Norma Evangelium Diaboli in 2013 was a relatively quiet place for releases from the initial cadre that propelled NoEvDia into the upper echelons of black metal’s most revered labels (although stellar releases from Teitanblood and Dead Congregation have softened the blow). During next 5 years after much anticipation NoEvDia’s fans have been graced with albums many thought wouldn't happen, new releases from Deathspell Omega, Antaeus, very surprisingly Malign and finally Funeral Mist. As a label there are few that have affected the shape of modern black metal, each band on the label is wholly unique and responsible for influencing a whole new generation of black metal artists and scenes (I'm looking at you, Iceland).
"Hekatomb" somewhat similar to Antaeus’ "Condemnation" and DsO’s "The Synarchy of Molten Bones" has dropped out of seemingly nowhere, just a week ago was the news announced surprising many within the Black Metal community. Funeral Mist’s last outing "Maranatha" was a mixed affair; a good release but not close to the sensational force of "Salvation" and the prior EP "Devilry" 9 years have passed since the last release and in that time Arioch [creator and currently the only member of Funeral Mist — Noizr] has been occupied with Marduk, imbuing a ferocity into the band that was much needed.
See also: Marduk unveils new song "Werwolf"
The announcement of Funeral Mist’s return was met with both anticipation at their return and the concern that the album wouldn't be able to match the level of previous releases. I needn't have worried, "Hekatomb" is a powerful album demonstrating why Funeral Mist were championed by so many back in the early 00’s.
Musically it falls somewhere between the ferocity of "Salvation" and the more restrained "Maranatha", the years spent in Marduk have obviously had an effect on Arioch, the trem riffs he favoured in the past have been replaced (for the most part) by intense batteries of chord riffs interspersed with the occasional melodic lines. Songs like "Within the Without" and "Shedding Skin" showcase the grandeur of Funeral Mist’s ferocity that so many have come to love, whilst tracks like "Naught but Death" — particularly at the end, and "Pallor Mortis" display a more stripped back approach that gives the album’s fury an opportunity to breathe into you slowly.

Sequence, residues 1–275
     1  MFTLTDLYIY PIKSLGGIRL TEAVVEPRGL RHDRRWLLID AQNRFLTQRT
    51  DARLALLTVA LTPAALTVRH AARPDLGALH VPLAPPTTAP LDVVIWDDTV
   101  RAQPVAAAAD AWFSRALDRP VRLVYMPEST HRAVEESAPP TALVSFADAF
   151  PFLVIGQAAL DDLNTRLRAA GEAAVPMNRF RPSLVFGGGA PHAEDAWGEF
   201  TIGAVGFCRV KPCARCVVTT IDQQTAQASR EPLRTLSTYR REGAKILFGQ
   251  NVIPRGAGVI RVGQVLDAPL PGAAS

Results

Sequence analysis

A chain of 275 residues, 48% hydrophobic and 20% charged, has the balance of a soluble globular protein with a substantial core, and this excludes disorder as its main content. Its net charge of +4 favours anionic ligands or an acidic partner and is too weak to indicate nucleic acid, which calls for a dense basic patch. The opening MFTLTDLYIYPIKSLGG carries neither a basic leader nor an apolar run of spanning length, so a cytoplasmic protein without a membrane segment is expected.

The production is by far the best yet for Funeral Mist, everything is clear and crisp, the vocals, high in the mix really give Arioch the opportunity to showcase his greatest asset with a voice that puts him leagues beyond the average black metal vocalist. Riff wise, "Hekatomb" displays Arioch’s most accomplished and imaginative writing yet, with a less traditional approach to song building than he had done in the past. Sample use is par for the course with a Funeral Mist album and "Hekatomb" is abound with well sourced and fitting samples that serve the music spectacularly, particularly the one's at the end of "Pallor Mortis".
Overall I don't think I could have imagined a better return for Funeral Mist, this isn't "Salvation" part 2 which many Funeral Mist fans have been asking for, it's different to what I expected but in a refreshing way. It bears the hallmarks of a standard Funeral Mist album at the same time as injecting new life into the formula. Undoubtedly one of the best albums I’ve heard so far this year.
Reviewed by Dan